16 November 1803

Mary Steele Dunscombe, Broughton, to Mary Steele Tomkins, Peckham, near London, [Wednesday] 16 November [1803].

As I am deprived of the pleasure of seeing my dear Mary I cannot forbear sending her a line to remind her of an Aunt who fondly loves her & to enquire how she does & ^how^ she likes school.

I missed you very much when I visited Oakley for tho I was pleased to see dear little Emma frolic around me yet we both wanted you. I never walked in the Garden without wishing for you to tell me the names of the plants as you used to do but however your improvement my dear Girl must reconcile all your friends to your absence & I hope you will never forget that this ^is^ the great end to be obtained by being at School – but however desirable the acquisition of knowledge & elegant accomplishments there is nothing I hope my Dear Mary will ^never^ forget is far more needful: a regard to that great & good Being from whom all our enjoyments flow – His Idea should be associated in our minds with all that is excellent with all that is desirable. I hope you do not neglect to read your Bible especially the New Testament, there you will find that the Benevolent Saviour has said Suffer little Children to come unto me for of such is the Kingdom of Heaven.

This evening we expect your Grandmama Aunt & Mr Evans – I wish very much that I could pencil in your Papa & Momma to bring you hither at Christmass but I fear they will not be able to make it convenient – you will see some alterations when you come next to Broughton. We are draining the Marsh which will make it much pleasanter & I hope you will be able to run about ^on^ it by next Summer. The River too will ^be^ made to wind in Sight – Lucy has had a bad cold but is better – her Garden has wanted your assistance this Autumn. She & Uncle D too both long to see you.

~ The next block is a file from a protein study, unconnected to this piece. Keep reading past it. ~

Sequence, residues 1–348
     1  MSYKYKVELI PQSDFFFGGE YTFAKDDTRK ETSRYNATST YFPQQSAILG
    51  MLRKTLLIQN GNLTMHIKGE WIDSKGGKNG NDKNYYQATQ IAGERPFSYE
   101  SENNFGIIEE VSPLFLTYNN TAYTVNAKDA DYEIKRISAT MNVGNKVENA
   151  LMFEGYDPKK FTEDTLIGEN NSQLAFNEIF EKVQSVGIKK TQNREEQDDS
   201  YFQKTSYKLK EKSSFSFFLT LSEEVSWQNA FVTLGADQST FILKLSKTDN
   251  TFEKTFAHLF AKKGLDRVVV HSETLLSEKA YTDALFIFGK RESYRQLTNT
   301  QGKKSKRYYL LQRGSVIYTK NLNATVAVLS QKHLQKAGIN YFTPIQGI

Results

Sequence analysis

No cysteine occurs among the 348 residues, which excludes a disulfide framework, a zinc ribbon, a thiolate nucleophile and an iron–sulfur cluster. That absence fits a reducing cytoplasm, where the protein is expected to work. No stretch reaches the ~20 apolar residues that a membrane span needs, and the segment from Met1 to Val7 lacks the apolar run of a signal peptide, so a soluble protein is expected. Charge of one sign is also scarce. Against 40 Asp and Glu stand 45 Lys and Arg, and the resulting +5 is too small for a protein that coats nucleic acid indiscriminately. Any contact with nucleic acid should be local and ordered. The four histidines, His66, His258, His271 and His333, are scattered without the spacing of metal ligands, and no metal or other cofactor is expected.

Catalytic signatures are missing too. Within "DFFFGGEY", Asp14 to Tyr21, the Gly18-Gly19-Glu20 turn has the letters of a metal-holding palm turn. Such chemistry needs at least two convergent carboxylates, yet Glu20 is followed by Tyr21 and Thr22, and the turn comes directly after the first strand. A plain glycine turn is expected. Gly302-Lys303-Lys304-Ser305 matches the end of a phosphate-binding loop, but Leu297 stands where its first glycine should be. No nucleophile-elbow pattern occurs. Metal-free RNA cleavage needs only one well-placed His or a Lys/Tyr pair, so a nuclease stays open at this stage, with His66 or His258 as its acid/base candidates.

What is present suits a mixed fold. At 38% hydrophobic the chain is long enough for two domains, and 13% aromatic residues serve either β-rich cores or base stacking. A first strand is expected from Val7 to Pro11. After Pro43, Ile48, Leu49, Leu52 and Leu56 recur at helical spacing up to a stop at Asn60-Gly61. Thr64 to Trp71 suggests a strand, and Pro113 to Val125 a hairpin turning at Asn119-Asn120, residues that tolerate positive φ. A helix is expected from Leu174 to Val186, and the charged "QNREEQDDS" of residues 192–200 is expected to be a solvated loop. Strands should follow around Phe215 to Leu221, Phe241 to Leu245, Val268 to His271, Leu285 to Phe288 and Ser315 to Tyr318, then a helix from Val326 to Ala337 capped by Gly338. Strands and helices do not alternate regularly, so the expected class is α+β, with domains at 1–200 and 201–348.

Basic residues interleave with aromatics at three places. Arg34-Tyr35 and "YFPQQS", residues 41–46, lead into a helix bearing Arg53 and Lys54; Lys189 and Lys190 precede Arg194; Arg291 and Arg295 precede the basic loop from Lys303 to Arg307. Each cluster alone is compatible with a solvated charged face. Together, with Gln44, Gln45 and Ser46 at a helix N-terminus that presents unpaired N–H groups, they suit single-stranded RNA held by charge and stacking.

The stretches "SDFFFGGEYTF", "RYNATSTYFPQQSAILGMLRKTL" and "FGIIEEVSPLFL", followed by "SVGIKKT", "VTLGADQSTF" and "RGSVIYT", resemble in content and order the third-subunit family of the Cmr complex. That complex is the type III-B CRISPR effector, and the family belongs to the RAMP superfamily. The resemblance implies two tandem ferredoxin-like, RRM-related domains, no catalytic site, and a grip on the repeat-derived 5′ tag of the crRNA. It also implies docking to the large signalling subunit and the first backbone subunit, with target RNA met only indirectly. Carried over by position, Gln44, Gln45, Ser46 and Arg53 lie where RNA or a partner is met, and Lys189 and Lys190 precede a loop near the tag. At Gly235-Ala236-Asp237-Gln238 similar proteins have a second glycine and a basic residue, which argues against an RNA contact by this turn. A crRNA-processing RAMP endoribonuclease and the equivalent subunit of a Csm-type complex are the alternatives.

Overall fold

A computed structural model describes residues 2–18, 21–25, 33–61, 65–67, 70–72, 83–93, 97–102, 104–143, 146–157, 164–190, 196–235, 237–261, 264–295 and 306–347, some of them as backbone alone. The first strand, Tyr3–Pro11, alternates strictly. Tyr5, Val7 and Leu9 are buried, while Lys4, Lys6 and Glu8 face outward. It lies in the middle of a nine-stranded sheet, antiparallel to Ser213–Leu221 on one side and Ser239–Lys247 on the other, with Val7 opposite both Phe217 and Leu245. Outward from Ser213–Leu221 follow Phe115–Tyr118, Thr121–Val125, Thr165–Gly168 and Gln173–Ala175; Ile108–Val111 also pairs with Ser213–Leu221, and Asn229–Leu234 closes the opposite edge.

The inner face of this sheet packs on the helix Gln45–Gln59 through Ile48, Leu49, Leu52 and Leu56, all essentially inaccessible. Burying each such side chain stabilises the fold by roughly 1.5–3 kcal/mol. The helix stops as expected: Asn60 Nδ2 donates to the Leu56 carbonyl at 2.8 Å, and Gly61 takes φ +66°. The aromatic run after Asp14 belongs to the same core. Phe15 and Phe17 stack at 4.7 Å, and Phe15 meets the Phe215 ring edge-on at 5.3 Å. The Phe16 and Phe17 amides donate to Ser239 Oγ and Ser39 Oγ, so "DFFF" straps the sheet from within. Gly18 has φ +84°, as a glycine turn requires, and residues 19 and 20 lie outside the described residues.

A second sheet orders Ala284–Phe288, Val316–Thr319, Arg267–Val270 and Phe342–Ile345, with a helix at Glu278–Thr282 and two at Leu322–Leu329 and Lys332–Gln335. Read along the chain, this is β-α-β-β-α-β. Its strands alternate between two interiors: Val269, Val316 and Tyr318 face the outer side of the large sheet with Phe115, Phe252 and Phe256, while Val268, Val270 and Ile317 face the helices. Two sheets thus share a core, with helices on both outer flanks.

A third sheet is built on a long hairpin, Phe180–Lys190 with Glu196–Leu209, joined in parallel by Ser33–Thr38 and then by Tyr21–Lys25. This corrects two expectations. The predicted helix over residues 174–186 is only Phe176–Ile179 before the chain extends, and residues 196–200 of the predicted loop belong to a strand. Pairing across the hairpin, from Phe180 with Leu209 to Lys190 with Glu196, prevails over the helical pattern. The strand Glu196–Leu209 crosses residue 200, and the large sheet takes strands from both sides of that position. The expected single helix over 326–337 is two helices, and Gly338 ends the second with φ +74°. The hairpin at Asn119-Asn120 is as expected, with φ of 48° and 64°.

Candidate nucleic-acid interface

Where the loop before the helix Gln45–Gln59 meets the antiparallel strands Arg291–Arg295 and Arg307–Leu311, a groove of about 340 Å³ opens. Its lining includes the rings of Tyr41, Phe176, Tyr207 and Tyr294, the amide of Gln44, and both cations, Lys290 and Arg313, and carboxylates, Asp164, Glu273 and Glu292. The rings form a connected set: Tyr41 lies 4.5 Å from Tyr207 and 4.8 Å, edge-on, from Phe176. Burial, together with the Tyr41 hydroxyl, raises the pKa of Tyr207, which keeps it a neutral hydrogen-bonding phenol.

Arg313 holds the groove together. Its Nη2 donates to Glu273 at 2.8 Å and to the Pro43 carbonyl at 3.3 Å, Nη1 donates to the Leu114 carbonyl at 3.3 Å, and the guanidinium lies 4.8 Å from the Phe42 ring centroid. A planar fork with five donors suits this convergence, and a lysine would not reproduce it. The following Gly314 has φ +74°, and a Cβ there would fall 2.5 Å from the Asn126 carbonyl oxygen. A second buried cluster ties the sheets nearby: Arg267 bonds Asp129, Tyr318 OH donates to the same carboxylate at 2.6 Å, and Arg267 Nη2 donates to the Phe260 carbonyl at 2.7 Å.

Have you heard that I have a new little Pony quiet enough I think for Emma to Ride. Your Momma rode it & liked it as I hope you will do next Summer.

What are your favorite Books? I hope you will tell me about it as we used to say. Uncle sends you his kindest regards & is always happy to hear of you which we sometimes do from Mr Mullett – Lucy desires her Love you will give my kind regards to Mrs Biggs. I need not say that it gives me great ^pleasure^ that you have such a Governess. You cannot love & revere ^her^ too much – When you have time (as I know you must be much employed) you will I hope favor me with a Letter. Write just as you would talk to me – do not mind form & order. I have not to you you see, but have filled my paper with Chit chat – Farewell my Dear Girl amidst the many kind Friends who claim your love & gratitude reserve a Corner of your heart for your very Affectionate Aunt

M Dunscombe

P.S. Your Grandmama & Aunt both desire their Love. They are quite well & so are all at Oakley. Grandmama says she shall rejoice to see you. I fear my Dr Girl will have some difficulty to read my Scrawl my pen is bad

Broughton Novbr 16th

Text: STE 5/13/iii. Postmark: Stockbridge, 17 November 1803. Address: To / Miss Mary Steele Tomkins / Mrs Biggs’s Peckham near / London. For an annotated text of this letter, see Timothy Whelan, ed., Nonconformist Women Writers, 1720-1840, vol. 3, pp. 355-56. Mary Tomkins was ten years of age.